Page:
It taught me that Des Moines is missing the small, agile commercial developer that is doing historic preservation. Des Moines needs that developer who can do small to midsize projects and who understands the historic marketplace.

The problem with the Highland Apartments was that they were having this historic building bid by contractors that only knew "gut and redo." That meant their [estimates] were coming in high. You don’t have to gut and redo a historic building. You can delicately demo what you need to do to get new building systems in – new plumbing, HVAC, electrical. And then you just repair what you had to demo.

I realized I need to expand into the commercial space but also do some sort of training. … If Des Moines is going to reach [its] stated sustainability goals and their stated development goals, they can’t keep tearing down buildings like Highland Apartments.

Late last year, you started Preservation Corps United. Explain what it is.

It is my educational wing. If you own a historic structure and want me to do the work, call Hat Trick Renovation. If you own a historic structure and you want to do the work yourself or train your employees, that’s Preservation Corps. We are having classes in historic plaster, historic windows, historic storms and passive floors, which is our most popular class. Instead of sanding a historic floor, which takes off part of the floor and shortens its life span, you lift the finish with chemicals, and then you put down a new finish.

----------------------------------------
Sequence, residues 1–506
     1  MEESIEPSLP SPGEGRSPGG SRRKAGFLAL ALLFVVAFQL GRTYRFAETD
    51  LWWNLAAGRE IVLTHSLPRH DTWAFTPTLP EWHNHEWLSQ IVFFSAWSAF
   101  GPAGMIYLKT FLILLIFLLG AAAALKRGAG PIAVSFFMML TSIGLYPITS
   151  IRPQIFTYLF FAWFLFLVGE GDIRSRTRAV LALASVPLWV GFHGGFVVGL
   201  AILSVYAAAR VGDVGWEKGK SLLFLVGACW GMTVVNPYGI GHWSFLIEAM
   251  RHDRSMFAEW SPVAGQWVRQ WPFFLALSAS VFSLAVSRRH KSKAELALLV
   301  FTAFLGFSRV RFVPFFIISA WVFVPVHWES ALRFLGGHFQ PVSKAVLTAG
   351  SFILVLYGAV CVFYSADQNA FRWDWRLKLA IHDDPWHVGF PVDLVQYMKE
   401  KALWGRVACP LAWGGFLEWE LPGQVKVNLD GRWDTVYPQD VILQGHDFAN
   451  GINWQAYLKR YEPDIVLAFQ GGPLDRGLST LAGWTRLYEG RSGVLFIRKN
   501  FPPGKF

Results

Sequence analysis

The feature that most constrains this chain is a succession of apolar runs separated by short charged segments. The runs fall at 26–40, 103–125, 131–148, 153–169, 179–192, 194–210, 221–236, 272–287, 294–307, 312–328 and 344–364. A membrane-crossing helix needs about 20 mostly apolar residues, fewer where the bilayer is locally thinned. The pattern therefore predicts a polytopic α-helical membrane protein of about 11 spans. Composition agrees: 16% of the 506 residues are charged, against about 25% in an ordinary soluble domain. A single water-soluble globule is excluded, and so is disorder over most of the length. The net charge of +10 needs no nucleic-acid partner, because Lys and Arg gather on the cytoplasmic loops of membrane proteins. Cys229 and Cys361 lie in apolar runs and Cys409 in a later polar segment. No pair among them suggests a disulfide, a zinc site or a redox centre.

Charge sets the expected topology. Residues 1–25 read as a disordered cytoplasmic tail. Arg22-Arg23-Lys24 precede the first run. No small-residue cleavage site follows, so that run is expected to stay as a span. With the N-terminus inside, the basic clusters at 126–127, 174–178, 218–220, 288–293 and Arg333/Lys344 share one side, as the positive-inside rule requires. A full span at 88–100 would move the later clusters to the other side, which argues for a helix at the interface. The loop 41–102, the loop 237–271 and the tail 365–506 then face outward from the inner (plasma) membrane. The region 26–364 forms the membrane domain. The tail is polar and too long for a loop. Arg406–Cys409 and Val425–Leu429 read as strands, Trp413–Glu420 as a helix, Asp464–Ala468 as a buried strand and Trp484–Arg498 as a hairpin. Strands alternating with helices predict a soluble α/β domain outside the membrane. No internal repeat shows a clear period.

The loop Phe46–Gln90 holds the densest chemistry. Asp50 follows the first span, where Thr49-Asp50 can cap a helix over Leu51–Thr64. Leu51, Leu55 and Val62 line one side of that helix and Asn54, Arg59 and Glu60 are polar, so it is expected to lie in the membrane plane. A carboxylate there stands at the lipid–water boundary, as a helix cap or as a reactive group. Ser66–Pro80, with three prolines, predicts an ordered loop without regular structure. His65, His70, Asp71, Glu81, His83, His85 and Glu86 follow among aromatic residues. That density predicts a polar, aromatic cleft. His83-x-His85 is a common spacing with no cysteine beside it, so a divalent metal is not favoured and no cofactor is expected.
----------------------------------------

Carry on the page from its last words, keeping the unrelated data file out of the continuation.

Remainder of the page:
In October, Bob Yapp from the Belvedere School [for Hands-On Preservation] is coming here to teach historic window restoration. That will be an amazing opportunity for people to come and train with a nationally known instructor.

Where do you see Hat Trick Renovation and Preservation Corps United in five years?

I want Hat Trick Renovation to be the source for historic renovation in Des Moines, Iowa. I want Preservation Corps to be a nationally known preservation trade school that is based in Des Moines. There are many places across the country that are now seeing that historic preservation is one of the best ways to reduce your carbon footprint as a municipality. The work that we do is in demand. Someone in western Illinois wants to hire me. A person from Maine wants me to teach a class there. … I would love to be able to just spend my time coaching people across the United States about taking care of their historic houses. My hope is that in five years, Des Moines has a vibrant, historic preservation plan that reflects their stated sustainability goals and that we will help Des Moines become a thriving center of historic preservation teaching in the U.S.